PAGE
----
Campus News

Tweet shows second sticker with racist messaging on campus

A student pointed out a second occurrence of white nationalist presence at UW-Madison.

Image By: Nina Bertelsen

A UW-Madison student brought attention via Twitter to a second sticker from the white nationalist group Hundred-Handers, garnering a response from students and faculty Tuesday.

UW-Madison freshman Dianna Murray tweeted a photo of the sticker which read “Mass immigration is white genocide,” along with a photo of a Daily Cardinal article reporting on the first sticker that was found.



“What I mean by working two jobs is that going to school is a full-time job,” Murray said. “Our other job is policing ourselves. We always have to be aware of how we behave and speak, even in inclusionary spaces.” 

Deputy Vice Chancellor for Diversity and Inclusion Patrick Sims responded to the tweet, outlining actions UW-Madison administration is taking to remove the stickers and deal with the situation.

“Hate has no place on our campus, and you are right to demand more than just words from us,” Sims wrote. “We’ve removed the graffiti and are reaching out to impacted students through UW housing and UW student life.”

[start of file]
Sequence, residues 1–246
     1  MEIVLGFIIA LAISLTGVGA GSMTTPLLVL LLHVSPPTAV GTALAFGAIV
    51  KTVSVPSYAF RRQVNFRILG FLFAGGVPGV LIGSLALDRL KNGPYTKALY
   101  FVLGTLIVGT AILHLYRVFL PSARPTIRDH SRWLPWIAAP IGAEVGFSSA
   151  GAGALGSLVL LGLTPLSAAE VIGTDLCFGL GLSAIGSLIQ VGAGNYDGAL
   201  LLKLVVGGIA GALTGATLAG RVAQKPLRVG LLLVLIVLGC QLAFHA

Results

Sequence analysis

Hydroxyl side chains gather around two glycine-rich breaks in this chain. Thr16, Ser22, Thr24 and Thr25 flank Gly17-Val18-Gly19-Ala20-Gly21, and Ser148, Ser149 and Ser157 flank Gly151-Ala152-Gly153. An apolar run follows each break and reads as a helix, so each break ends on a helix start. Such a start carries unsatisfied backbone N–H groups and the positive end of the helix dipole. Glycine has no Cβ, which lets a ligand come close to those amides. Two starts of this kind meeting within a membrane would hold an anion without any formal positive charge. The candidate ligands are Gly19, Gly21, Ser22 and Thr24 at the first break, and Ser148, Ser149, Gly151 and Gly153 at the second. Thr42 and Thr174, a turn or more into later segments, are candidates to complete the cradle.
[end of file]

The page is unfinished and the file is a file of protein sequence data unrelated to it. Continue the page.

Murray said she was happy with Sims’ response and was also contacted by UW Housing. 

“I do feel like there needs to be more structural change,” Murray said. “The consequences for hate should be more well known. My friends and I shouldn’t be made to feel like a second thought.”

Hundred-Handers is an anonymous right-wing nationalist group which utilizes social media to recruit members across the U.S. The group takes to Twitter to post photos of their stickers in U.S. cities and encourages members to print and post their own stickers.

“We’re heavily involved with the staff at UW-Madison, especially the social studies professors, they’re huge fans of our work,” the anonymous account said in a direct message to The Daily Cardinal. 

UW-Madison History Department Chair Laird Boswell said he has no knowledge of any affiliation between department faculty and the white nationalist group.

“I would fall off my chair if I heard about any affiliation,” Boswell said. “The only thing I can say is that I’ve never heard of this group, and I’ve never heard of any staff members giving any support to them.”

Boswell condemned the stickers’ messaging.

“The history department stands against that sort of racist and exclusionary ideology,” Boswell said. “It’s not what we do at this university.”

Additional social sciences department heads could not be reached for comment. 

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